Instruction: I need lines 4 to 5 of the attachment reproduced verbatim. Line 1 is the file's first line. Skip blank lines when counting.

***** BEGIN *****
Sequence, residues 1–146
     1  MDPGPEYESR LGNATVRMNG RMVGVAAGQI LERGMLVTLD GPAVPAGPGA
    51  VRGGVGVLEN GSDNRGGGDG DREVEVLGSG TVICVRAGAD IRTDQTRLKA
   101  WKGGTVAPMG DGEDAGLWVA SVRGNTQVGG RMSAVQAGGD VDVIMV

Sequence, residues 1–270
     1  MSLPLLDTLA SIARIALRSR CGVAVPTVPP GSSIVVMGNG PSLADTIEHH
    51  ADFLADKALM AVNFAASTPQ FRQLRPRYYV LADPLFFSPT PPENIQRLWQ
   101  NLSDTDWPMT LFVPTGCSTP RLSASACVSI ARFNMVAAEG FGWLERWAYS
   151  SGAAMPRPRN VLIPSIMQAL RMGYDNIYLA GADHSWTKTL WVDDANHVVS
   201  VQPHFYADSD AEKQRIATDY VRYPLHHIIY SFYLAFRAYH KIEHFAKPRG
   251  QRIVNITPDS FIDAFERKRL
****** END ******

   101  WKGGTVAPMG DGEDAGLWVA SVRGNTQVGG RMSAVQAGGD VDVIMV

Sequence, residues 1–270